CUT RESISTANT GLOVE – WHAT DOES THIS MEAN
The Standard applies to protective gloves and refers to their resistance to abrasion, cut, tear, puncture and impact. Key changes to the Standard include an additional cut test (ISO13997) if the traditional cut test (Coupe Test) fails while a non-compulsory impact resistance test has been added. ProChoice Safety Gear supports any Standards reform that improves accuracy of testing results and ultimately safety in the workplace. We have long understood the shortcomings in the Coupe test – outlined below – and resultantly, prior to the updated to EN388, were voluntarily testing our gloves to the American (ANSI) Standards to ensure maximum protection.
COUP CUT TEST
As fabrics – particularly those with cut resistance – have become more technically advanced in protecting against cuts and lacerations, limitations to the traditional methods for measuring cut resistance (Coupe Test) have been identified. The Coupe Test measures cut resistance by recording the number of cycles it takes to cut through a glove material at a constant speed and pressure when compared to a cotton reference. A rating of five (5) is the highest score a glove can receive using the Coupe Test. Many cut resistant fabrics have evolved significantly from when the EN388 Standard was originally written, to the point where these fabrics can easily withstand 20 or more blade cycles of the Coupe Test. In fact, many of these fabrics will blunt the Coupe Test blade, further compromising the accuracy of test results.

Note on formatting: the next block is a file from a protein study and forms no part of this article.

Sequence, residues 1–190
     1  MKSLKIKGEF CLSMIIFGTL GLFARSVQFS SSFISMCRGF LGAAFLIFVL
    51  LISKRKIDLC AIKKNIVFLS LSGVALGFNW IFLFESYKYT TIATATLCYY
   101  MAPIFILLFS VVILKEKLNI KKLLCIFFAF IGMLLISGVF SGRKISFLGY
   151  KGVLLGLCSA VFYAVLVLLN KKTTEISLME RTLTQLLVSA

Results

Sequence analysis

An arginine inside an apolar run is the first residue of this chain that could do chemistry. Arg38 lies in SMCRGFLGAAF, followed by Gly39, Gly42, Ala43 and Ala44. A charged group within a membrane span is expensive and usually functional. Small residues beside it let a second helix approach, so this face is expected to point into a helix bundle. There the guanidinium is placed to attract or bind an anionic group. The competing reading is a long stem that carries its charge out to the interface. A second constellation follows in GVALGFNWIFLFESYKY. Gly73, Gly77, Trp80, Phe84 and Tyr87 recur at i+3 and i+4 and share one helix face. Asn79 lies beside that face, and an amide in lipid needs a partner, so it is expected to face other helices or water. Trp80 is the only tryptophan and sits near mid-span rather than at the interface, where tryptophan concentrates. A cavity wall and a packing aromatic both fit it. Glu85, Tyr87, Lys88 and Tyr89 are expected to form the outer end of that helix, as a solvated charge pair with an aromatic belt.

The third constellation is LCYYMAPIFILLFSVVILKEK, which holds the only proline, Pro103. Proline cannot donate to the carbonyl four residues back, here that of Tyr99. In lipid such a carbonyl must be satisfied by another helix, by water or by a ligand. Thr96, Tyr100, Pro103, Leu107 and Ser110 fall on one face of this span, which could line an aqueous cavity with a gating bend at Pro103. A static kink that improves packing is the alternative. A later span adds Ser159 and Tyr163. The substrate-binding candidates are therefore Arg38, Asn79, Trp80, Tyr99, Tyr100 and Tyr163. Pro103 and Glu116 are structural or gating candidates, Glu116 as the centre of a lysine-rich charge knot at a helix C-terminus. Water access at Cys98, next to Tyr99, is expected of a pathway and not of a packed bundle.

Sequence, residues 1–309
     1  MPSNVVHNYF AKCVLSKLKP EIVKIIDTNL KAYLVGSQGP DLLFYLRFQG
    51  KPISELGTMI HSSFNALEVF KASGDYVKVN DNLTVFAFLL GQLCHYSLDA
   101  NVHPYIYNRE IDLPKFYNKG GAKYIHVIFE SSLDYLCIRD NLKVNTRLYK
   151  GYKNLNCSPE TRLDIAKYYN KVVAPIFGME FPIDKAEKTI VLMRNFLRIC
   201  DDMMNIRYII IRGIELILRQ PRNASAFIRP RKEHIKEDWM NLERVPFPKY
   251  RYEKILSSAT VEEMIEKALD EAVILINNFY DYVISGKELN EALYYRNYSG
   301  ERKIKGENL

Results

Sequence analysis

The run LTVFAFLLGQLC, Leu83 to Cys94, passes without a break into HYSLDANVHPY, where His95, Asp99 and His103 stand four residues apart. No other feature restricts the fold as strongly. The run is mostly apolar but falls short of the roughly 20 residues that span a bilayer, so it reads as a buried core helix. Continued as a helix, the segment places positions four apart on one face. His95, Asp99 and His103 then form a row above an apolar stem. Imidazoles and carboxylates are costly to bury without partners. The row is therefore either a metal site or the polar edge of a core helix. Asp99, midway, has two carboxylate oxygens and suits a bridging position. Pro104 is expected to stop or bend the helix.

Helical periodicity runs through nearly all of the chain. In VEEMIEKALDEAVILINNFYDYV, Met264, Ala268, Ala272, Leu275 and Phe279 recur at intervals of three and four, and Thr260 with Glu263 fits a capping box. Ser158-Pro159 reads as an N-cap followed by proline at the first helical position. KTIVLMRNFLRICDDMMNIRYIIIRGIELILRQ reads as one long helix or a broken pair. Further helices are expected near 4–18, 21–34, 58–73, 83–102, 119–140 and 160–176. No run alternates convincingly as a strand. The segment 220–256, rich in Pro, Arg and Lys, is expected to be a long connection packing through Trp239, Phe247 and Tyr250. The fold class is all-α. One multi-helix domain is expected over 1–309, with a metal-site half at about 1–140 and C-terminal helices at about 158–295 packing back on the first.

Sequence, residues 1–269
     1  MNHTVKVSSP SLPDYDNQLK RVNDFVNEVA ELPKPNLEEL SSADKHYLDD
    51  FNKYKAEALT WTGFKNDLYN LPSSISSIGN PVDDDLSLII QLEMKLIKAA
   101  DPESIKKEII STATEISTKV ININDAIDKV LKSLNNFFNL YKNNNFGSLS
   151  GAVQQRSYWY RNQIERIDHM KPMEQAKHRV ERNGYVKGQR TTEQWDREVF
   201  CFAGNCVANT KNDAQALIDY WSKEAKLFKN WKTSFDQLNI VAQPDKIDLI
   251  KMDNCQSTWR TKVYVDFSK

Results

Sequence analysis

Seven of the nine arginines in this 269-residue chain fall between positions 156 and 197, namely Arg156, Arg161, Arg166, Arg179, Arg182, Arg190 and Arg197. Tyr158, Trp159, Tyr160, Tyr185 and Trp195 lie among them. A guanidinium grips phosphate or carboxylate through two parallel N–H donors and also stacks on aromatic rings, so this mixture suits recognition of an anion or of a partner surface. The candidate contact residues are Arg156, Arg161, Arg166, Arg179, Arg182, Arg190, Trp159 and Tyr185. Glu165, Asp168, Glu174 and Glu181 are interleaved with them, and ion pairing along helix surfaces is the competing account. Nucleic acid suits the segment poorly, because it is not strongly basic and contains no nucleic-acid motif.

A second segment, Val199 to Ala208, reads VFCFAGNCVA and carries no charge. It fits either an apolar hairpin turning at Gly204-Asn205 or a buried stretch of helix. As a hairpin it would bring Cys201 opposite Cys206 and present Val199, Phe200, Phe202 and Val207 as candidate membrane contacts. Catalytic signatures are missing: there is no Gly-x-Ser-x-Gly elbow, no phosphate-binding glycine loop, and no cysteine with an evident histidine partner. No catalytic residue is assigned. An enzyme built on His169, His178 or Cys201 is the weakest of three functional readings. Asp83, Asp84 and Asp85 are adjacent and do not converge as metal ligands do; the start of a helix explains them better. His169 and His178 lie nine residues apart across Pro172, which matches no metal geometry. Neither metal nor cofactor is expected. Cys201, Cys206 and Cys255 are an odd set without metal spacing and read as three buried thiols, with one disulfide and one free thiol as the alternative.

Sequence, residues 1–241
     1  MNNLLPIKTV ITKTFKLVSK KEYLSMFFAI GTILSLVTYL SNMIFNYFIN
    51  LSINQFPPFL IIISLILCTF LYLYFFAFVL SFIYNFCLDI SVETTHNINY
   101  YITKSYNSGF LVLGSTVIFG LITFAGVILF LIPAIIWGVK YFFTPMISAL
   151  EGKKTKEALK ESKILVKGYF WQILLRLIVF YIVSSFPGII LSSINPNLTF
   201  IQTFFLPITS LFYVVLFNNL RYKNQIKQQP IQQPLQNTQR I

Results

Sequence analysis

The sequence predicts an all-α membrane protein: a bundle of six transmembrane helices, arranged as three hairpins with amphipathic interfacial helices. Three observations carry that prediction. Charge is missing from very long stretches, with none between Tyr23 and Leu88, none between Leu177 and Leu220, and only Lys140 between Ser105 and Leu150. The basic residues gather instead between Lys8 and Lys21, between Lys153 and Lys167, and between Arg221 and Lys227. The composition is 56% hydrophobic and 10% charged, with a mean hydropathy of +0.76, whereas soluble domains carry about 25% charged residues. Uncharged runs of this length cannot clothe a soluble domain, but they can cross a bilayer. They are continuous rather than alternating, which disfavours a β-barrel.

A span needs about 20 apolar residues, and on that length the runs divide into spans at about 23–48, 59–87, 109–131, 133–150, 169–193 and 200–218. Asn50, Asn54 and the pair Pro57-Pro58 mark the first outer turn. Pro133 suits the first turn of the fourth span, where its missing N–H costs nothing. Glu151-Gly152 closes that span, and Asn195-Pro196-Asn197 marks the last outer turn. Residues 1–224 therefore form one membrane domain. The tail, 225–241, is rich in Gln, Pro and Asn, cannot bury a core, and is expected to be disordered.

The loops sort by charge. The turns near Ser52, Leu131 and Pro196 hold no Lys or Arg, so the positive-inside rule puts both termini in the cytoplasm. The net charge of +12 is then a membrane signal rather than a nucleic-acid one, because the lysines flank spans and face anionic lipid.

The new Standard, EN388:2016 states that if the Coupe Test blade is deemed “blunt” or the test fabric is not penetrated after 60 cycles, the Coupe Test is abandoned and ISO 13997 applies.
IS0 13997 CUT TEST
ISO 13997 measures the amount of pressure required to make an incision in the test fabric over a 20mm travel distance using a razorblade. Performance is rated with the letters A to F, depending on resistance to pressure, which is measured in Newtons (N). “F” is the maximum cut resistance of the ISO 13997 test and is awarded to any fabric that achieves a cut resistance equal to or greater than 30N or approximately 3.06kg. The ISO 13997 Cut Test is commonly referred to as a “real world” cut test because of its ability to measure cut force, which is widely considered a more relevant metric in workplace situations when a cut risk is present.